Shares of American Science and Engineering (NASDAQ:ASEI) have unperformed the SP 500 by a wide margin in 2014, and it was, for that reason, that we initially decided to look at the company as a possible purchase candidate in 2015. After spending some time under the hood, though, we decided to take a pass. In our view, purchasing this stock would be a bad idea and we outline our reasons below.
Background On American Science and Engineering
The company is in the business of manufacturing and servicing X-Ray products used by governments to try to help combat terrorism, trade fraud, illegal immigration and the like. Their products are used in ports, airports and anywhere else where traditionally "high risk" activities flow through high traffic areas. Since governments are the primary customer, the company is subject to all of the problems that entails, including long and delayed sales cycles. In addition, the company's products might be in higher demand in geopolitical "hot spots," with all the risks associated with that.
During the company's most recent conference call (November 10, 2014), the CEO offered some insight into this phenomenon. On the call, an analysts asked what was causing the company's shipping and booking delays and the CEO said the following (note: "ZBV"=Z-Backscatter Van-a vehicle and cargo screening system that is quite good at detecting various threats):
As mentioned, situation in Libya has started to improve and we have begun shipping the product that was stranded in Q2 in the current quarter, and that was a significant quarter in ZBVs that has started to rectify itself already. Other regions and there were other kind of war zone areas that impacted orders, that we're seeing progress in, in the current quarter as well.There are some markets and some large projects, that were tied to some political delays that we are still trying to navigate our way through, but some of these items have begun to rectify themselves in the current quarter, so we're encouraged by that.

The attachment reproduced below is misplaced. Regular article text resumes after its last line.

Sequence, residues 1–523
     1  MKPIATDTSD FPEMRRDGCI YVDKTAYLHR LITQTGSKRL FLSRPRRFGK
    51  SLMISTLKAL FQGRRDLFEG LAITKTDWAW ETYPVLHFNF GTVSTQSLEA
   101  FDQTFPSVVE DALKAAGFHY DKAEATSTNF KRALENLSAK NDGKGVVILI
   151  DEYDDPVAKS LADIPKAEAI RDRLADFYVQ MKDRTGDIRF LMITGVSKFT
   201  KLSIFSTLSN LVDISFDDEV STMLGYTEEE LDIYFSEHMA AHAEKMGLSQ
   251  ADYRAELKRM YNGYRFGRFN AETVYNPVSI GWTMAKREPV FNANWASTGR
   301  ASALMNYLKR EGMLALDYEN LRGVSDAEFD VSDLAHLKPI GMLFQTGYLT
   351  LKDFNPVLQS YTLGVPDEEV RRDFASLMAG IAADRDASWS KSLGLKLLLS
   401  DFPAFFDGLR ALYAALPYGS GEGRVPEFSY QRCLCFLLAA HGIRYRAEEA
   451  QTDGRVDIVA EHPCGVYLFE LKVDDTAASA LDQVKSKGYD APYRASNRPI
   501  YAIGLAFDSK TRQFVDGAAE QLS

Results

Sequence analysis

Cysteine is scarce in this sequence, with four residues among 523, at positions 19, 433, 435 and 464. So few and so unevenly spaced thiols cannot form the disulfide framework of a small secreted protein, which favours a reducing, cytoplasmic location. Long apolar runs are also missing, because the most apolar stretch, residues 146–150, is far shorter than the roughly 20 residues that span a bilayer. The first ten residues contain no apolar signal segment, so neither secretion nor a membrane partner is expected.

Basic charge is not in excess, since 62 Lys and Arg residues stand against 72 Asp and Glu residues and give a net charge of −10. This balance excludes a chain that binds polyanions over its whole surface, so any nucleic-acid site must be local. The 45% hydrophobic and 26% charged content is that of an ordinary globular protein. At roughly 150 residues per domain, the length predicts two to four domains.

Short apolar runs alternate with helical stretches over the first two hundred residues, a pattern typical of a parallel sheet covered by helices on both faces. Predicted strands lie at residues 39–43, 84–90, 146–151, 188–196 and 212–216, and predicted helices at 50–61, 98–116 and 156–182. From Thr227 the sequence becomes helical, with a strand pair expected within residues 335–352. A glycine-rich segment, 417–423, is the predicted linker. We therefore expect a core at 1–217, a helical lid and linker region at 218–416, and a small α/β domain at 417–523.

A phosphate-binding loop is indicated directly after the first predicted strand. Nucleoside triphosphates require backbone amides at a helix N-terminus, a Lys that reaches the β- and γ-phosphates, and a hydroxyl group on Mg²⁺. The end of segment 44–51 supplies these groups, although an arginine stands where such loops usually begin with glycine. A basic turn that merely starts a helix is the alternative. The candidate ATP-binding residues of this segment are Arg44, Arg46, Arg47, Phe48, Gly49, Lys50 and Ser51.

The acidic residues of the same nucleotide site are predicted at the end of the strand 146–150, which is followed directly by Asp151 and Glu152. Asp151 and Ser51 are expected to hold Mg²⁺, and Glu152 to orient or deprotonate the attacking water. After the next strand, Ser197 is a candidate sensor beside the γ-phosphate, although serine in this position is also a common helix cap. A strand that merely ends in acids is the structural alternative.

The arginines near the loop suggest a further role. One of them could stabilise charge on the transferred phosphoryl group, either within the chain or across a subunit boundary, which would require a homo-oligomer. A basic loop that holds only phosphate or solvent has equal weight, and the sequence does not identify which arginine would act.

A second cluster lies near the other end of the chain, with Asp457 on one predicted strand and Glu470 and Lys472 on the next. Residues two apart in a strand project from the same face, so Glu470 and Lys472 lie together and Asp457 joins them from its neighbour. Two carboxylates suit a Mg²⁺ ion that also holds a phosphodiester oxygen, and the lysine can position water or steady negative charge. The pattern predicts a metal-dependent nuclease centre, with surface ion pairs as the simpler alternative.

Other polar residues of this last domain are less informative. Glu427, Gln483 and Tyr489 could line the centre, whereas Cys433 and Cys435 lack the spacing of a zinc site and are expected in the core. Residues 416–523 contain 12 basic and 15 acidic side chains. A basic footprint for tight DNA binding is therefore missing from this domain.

Source: American Science and Engineering Investor Conference Call, November 10, 2014.
It seems that this volatility has been going on for some time, as evidenced by the following chart of their net income over the past decade. The earnings stream for this company over the past decade have been quite volatile.
Over the past decade sample standard deviation of earnings has been quite high at 3.71. Forecasting such a business that relies on political and geopolitical winds is basically impossible (we believe that politicians are as predictable as spider monkeys), which makes it difficult for an investor to know what they are going to get at any point in time. This makes us cautious.
In addition to the inherently unstable nature of the business, we see the following results when we run our quantitative screen:
Source: Gurufocus and Author Compilation
In a world where so many other companies offer much higher returns on assets for much lower prices, it is hard to justify the purchase of a company like American Science and Engineering that makes an ROA of 1.16% and sports a PE of 133. The list of other problems are apparent from the table above, but to highlight some of the things we find most problematic: 5 year revenue and earnings growth are in decline, the yield looks attractive until you notice that the payout ratio is 516% and has been north of 50% for some time now.
It should be noted that the one positive thing that we've been able to identify is the fact that three directors and the President and CEO purchased 4595 shares between them on the 13th and 14th of December, 2014 (these purchases represented about 8% of daily volume in the stock).
That vote of confidence from the people who seem to know the company best is enough for us to track it, but we're too timid to purchase at this time. Our advice to investors at this time: give ASEI a miss for now.
Disclosure: The author has no positions in any stocks mentioned, and no plans to initiate any positions within the next 72 hours.
The author wrote this article themselves, and it expresses their own opinions. The author is not receiving compensation for it (other than from Seeking Alpha). The author has no business relationship with any company whose stock is mentioned in this article.